Of God and of the Holy Trinity
Chapter 2, Paragraph 1.
“…a most pure Spirit…”
The idea of a “spirit” is a hard one to pin down. Probably due to the influence of Halloween, fairy tales and ghost stories, an ephemeral, gauzy white floating substance is what comes to mind when I hear the term. Of course, the word “spirit” is also used to describe a sentiment, like the “Christmas spirit” or saying “He’s got a fighting spirit.” But what does it mean for God to be Spirit?
Unlike a ghost, God is no blurry substance. He has no substance at all in the sense of created matter. He is “a most pure Spirit”, which rules out the idea of anything that is not spirit being part of God. Stephen Charnock explained it thus in his work The Existence and Attributes of God:
If we grant that God is, we must necessarily grant that he cannot be corporeal, because a body is of an imperfect nature. It will appear incredible to any that acknowledge God the first Being and Creator of all things, that he should be a massy, heavy body, and have eyes and ears, feet and hands, as we have.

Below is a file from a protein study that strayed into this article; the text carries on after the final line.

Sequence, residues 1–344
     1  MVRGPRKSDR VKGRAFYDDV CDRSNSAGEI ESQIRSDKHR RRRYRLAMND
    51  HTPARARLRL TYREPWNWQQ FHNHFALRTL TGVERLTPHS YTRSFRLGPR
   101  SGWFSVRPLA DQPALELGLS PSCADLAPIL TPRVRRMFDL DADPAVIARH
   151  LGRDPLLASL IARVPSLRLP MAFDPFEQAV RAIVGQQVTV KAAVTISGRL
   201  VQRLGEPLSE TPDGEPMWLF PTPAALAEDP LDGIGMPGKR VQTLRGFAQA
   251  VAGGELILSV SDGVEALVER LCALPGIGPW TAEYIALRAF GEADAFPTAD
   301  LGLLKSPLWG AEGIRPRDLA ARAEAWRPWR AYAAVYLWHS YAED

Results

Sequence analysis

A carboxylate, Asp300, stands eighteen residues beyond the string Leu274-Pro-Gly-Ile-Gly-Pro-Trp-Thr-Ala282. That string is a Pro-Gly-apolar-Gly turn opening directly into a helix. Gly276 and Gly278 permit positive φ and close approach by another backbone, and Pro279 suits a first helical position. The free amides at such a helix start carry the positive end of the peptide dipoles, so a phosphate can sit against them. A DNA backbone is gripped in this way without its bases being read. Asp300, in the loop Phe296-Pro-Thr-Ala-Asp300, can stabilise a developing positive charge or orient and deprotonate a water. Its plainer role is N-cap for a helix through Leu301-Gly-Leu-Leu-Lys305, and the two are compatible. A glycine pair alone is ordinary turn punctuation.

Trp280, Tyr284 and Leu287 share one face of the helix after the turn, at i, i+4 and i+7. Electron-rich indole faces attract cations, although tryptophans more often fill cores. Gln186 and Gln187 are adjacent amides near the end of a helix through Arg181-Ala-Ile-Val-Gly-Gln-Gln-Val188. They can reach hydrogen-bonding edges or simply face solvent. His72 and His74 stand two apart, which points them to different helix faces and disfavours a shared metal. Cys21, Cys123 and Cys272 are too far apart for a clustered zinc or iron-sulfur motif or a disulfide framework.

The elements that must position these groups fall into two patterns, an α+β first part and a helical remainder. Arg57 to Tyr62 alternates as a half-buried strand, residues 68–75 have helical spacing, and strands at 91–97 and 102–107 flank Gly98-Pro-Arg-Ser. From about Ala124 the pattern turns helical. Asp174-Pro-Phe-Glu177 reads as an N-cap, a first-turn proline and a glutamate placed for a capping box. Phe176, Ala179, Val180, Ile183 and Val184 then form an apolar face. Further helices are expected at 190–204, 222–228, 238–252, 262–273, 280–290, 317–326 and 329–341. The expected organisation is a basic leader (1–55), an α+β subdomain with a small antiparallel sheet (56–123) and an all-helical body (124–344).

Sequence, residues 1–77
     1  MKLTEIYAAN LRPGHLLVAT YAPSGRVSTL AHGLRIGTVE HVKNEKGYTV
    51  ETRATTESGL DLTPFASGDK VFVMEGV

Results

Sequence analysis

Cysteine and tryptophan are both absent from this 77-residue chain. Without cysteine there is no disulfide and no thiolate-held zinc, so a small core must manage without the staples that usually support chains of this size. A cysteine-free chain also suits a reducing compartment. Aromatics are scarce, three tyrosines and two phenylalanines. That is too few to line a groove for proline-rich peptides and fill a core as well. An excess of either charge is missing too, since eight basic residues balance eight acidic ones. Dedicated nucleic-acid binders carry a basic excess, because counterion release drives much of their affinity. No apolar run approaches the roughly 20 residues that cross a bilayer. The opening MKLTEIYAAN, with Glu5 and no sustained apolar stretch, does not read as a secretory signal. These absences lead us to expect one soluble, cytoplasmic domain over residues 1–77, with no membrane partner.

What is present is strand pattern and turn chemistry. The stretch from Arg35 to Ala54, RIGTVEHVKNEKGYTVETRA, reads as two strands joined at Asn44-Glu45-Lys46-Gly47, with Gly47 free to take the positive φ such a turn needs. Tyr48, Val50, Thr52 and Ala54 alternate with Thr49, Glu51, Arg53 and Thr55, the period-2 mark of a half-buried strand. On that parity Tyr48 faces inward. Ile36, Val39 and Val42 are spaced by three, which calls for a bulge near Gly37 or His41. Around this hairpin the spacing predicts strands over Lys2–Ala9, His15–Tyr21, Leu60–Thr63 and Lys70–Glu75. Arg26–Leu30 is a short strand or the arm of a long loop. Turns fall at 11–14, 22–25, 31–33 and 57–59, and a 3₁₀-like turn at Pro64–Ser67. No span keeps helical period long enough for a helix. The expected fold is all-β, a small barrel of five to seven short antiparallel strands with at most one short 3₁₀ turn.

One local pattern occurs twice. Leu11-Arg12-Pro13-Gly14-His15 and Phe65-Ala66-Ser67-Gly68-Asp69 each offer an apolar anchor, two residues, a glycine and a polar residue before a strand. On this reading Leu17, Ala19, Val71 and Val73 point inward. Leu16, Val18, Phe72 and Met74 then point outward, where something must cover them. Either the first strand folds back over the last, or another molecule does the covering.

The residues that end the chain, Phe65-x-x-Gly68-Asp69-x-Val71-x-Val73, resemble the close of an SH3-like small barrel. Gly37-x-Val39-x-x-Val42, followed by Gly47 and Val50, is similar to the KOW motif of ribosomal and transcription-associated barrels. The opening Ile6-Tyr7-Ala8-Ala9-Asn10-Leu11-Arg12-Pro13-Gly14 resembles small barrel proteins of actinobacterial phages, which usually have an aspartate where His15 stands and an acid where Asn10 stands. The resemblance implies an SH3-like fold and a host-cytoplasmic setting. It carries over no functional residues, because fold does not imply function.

If God were to be anything but spirit, He would be constrained by the laws of nature and physics. If you think back to your physics classes in high school, you might remember that “a body at rest will remain at rest, and a body in motion will remain in motion unless it is acted upon by an external force.” Not so with God! Nothing outside of God can change Him.
God is also more than a sentiment. While we may describe our feelings as “spirits”, they are fleeting. God is a “most pure Spirit”, whose purity demonstrates a permanence and majesty to His existence. God is most excellent: He is, therefore, not lightweight and shallow. To quote Charnock again,
God is a most spiritual Spirit, more spiritual than all angels, all souls…. As he exceeds all in the nature of being, so he exceeds all in the nature of spirit…
God is a most pure Spirit. And that should lead us to praise Him.
Question to Consider
- Why is God being a “most pure Spirit” important?